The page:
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Tuesday, May 3, 2016

Walking With Jackie the Ripper

Thursday, January 29, 2004

When Jackie and I walk, especially now that we are back in the land of my childhood, I recall deep discussions of a supernatural nature held between me and my paternal grandmother, Mama Cash. She did most of the talking. I just listened and got scared.

Often she felt she had been "warned in a dream" of bad things to come, and these dreams of hers did not have to be of a nightmare quality, either. Indeed, no! Some of them were really pleasant, such as visions of a boat trip or fantasies of picnicking around the beautiful springs which were so abundant in our part of the world. It was her firm belief that water meant trouble. (She couldn't swim a lick.)

When I was young, I spent a lot of time with Mama Cash, and some mornings when she made me get up to eat breakfast (which I hated to do because I have never been a breakfast person, plus I didn't want to get out of bed at all when I was a kid, but she insisted on early rising) she would relate what her slumbers of the previous night had revealed. Slumped over the faded oilcloth-covered table and eyeing with deep aversion the cold fried egg which it was my lot in life to eat each and every morning when I stayed with her, I dreaded these early revelations more than a little. Not a good way to start the day.

"Well," she reported one morning, "I want you to be careful at school today. I dreamed about calm, smooth water last night and that's a sure sign of trouble ahead."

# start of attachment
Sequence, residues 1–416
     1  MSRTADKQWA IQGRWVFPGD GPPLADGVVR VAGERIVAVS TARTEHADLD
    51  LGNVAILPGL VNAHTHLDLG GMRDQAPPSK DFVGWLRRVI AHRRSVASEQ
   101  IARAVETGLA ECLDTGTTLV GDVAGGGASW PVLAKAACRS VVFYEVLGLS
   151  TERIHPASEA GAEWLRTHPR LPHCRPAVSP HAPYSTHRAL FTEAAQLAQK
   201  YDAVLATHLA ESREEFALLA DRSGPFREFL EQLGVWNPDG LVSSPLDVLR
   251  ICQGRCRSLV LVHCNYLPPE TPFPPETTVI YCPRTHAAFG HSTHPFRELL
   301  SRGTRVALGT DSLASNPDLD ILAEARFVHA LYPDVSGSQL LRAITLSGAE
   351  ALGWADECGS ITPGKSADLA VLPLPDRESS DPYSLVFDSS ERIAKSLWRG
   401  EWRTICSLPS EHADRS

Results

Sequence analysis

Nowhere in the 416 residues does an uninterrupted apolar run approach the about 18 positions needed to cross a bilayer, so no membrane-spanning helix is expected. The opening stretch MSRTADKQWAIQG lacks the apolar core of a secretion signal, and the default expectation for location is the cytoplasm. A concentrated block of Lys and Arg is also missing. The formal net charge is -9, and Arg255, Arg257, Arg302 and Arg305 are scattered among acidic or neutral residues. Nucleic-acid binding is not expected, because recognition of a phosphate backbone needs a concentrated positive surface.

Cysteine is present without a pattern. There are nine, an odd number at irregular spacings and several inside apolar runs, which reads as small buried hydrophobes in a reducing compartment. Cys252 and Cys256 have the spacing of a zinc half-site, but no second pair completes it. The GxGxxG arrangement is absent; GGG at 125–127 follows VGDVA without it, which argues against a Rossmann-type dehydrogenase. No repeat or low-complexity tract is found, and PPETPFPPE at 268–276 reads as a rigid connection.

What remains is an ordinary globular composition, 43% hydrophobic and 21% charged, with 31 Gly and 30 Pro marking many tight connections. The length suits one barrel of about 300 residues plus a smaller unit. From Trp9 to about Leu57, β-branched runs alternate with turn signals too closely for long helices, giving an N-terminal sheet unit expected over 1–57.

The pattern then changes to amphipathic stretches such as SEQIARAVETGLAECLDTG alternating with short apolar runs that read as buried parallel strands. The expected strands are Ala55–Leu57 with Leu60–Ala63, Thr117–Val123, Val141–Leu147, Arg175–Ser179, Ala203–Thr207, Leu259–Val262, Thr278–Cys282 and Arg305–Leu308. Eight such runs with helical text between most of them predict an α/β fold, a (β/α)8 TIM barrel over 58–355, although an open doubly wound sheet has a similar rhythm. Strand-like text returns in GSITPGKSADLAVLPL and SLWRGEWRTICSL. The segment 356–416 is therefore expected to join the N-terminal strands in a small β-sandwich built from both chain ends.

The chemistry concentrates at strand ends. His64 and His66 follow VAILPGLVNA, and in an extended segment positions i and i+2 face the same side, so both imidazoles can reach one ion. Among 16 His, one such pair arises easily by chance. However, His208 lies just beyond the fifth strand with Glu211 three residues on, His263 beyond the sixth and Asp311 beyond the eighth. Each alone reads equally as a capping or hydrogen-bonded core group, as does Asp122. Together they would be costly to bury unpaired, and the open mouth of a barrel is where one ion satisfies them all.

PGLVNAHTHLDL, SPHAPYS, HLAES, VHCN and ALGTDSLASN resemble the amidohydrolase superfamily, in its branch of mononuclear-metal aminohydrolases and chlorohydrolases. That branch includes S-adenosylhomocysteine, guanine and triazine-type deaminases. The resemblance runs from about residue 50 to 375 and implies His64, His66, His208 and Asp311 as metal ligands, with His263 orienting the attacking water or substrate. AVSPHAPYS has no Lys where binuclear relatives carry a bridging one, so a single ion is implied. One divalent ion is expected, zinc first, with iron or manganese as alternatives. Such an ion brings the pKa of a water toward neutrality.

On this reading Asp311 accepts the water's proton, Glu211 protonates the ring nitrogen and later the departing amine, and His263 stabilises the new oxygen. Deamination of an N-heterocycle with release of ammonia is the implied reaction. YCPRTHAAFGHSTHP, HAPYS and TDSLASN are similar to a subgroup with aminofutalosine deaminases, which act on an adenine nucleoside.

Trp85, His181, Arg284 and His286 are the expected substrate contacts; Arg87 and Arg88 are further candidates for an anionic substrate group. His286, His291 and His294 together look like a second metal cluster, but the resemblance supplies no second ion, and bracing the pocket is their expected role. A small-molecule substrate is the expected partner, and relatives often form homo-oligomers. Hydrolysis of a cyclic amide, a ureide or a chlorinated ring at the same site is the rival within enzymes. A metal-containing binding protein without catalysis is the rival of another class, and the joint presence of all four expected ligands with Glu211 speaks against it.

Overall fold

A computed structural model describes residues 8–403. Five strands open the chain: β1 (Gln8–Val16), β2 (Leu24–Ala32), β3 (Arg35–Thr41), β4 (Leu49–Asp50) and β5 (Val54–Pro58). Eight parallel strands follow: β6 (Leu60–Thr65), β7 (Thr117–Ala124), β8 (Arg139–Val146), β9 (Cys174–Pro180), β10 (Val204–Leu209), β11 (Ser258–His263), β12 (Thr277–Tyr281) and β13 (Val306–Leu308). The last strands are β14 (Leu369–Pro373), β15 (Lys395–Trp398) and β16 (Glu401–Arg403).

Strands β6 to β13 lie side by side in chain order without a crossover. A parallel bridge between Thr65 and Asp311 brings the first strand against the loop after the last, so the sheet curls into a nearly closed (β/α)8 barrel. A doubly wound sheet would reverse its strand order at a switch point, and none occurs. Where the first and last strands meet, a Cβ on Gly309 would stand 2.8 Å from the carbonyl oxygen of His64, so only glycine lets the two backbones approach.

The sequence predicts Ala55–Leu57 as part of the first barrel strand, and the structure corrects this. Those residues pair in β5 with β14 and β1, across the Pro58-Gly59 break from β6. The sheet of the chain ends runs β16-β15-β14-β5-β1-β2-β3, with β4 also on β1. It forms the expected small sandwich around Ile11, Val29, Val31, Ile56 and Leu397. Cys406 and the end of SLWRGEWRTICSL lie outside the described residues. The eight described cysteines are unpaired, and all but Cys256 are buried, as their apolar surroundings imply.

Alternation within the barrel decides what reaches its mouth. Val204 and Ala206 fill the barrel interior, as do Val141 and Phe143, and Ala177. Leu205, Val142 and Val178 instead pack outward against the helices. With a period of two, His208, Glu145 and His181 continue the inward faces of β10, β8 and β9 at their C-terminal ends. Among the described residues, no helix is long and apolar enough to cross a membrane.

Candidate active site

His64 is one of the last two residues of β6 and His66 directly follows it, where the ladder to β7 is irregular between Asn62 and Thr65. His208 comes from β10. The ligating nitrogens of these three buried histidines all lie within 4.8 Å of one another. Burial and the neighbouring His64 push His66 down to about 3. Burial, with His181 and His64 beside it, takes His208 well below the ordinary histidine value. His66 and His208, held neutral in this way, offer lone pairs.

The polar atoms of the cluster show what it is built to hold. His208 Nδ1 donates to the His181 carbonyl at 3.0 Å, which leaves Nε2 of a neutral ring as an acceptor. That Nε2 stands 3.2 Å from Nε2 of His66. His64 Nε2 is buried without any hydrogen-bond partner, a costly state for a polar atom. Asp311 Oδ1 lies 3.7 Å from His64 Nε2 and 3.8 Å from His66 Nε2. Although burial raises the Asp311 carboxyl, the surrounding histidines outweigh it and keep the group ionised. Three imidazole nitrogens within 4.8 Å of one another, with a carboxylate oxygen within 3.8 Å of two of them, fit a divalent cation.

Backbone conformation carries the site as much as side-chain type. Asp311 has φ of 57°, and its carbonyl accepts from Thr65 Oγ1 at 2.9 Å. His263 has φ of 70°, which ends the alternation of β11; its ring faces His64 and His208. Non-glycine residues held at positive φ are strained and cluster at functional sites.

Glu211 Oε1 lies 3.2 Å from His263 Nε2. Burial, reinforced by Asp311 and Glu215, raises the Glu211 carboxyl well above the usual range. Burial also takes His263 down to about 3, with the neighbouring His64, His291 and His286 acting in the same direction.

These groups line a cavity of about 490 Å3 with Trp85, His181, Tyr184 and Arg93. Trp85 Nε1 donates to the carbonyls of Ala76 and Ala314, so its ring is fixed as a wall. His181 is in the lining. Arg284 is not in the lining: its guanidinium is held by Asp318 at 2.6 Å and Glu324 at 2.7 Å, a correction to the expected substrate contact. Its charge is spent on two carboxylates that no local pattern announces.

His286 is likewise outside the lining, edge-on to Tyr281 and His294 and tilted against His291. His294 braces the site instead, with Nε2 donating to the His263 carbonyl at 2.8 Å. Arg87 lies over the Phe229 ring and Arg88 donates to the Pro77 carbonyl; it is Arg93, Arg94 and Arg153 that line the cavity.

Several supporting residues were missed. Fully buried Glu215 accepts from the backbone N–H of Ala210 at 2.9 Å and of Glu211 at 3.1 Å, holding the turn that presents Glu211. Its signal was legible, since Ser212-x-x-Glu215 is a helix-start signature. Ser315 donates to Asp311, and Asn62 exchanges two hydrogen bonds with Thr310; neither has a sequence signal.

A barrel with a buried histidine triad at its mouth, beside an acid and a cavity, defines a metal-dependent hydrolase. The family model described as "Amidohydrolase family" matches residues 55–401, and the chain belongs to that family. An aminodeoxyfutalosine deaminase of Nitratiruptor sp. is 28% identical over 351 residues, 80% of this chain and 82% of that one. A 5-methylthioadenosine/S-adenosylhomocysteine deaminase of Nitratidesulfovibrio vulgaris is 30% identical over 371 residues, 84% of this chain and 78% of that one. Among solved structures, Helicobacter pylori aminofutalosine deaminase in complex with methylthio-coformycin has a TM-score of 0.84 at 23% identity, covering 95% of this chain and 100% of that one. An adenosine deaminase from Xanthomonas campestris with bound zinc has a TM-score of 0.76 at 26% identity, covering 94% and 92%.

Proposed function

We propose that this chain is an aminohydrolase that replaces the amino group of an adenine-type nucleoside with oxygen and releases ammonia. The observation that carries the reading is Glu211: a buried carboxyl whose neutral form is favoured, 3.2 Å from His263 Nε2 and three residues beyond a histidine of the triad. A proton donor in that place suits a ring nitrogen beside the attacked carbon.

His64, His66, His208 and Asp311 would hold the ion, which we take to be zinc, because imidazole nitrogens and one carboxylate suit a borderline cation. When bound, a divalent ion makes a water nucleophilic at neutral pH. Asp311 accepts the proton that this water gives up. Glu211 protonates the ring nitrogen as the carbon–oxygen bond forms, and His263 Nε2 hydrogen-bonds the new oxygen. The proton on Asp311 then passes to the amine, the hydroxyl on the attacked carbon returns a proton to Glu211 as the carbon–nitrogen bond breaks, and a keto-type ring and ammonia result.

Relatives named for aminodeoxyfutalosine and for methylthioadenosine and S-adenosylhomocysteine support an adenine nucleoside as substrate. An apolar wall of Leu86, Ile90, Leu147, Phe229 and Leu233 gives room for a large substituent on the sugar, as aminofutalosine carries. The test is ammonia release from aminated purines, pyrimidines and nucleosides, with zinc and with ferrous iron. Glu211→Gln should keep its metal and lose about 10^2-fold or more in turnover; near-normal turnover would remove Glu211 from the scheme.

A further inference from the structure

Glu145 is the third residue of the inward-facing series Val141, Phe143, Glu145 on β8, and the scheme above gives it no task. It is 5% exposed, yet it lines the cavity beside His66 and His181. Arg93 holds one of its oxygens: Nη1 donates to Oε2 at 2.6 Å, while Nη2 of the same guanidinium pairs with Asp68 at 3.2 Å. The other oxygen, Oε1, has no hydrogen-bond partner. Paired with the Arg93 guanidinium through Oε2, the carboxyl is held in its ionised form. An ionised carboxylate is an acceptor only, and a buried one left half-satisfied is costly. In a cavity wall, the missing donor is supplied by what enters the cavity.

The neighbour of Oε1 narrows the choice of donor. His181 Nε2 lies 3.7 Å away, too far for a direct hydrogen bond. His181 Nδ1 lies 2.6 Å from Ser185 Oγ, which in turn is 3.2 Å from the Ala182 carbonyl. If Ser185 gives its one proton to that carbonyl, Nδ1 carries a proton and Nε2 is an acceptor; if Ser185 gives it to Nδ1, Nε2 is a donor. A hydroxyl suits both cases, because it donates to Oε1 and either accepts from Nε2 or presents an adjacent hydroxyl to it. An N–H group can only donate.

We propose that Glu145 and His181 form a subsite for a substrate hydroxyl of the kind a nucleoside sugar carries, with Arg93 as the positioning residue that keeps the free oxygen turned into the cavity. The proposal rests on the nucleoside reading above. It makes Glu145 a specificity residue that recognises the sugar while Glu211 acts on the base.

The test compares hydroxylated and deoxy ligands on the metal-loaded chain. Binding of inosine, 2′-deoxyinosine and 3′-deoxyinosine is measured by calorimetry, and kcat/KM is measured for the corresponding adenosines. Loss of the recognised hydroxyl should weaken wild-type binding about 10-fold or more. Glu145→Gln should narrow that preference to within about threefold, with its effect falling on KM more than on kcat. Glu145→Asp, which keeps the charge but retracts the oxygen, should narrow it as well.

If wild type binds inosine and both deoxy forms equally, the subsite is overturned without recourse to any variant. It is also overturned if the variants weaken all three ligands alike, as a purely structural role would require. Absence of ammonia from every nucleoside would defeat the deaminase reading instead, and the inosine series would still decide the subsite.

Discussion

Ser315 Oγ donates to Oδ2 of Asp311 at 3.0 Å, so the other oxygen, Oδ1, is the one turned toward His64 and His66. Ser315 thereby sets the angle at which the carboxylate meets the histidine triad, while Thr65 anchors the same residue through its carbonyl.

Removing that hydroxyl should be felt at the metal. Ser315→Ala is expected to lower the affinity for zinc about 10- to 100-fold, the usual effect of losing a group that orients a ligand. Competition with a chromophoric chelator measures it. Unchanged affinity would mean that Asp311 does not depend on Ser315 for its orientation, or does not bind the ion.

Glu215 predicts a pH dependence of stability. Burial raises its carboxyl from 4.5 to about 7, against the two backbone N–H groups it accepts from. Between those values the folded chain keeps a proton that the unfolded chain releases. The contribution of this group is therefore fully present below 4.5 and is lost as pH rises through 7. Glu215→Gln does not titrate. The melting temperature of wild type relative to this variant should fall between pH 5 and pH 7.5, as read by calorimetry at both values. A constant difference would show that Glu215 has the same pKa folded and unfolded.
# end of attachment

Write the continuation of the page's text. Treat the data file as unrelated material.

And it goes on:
Being no fool, I kept silent. The end of school was nearing, and several tests for which I had not studied were scheduled for that day. Since I had been privy to the accuracy of a few of her nighttime enlightenments, I deemed it not prudent to tempt fate by scorning her advice. Also, several of my classmates had planned an end of school swimming party, and certainly we did not want to cancel due to bad weather.

Well, I passed all the tests but not by much. I didn't worry, knowing full well that I was not slated to give the valedictory address.

We had a wonderful party. The only cloud on the horizon was a small blister I had managed to raise on the palm of my hand, quite close to my middle finger. The problem was caused by my excessive swinging on a triangular bar which in days of yore had been tied to the large sycamore tree standing in close proximity to the bank of Mill Pond, our local cooling off place, and without doubt home to every species of bacteria known to medical science and a few left to be discovered.

Somewhere trapped in my left hand some of the Mill Pond bacteria found a home and started increasing with amazing rapidity. In a few days my fingers had swollen into what resembled small link sausages and my hand did not look like my hand any more. Sleep became a stranger and eventually my mother sent me to the doctor where unpleasant happenings took place, but relief was quick. That night I slept as though hammered on the head with a two-by-four.

My grandmother's remarks of "calm, smooth water," had been hovering in my mind ever since my hand started such painful swelling, so it goes without saying that I was greatly pleased when my dreams that night were all of tidal waves, earthquakes and the end of the world. Not a bad warning in the whole repertoire.

As Mama would say, "It's just enough to make a person wonder."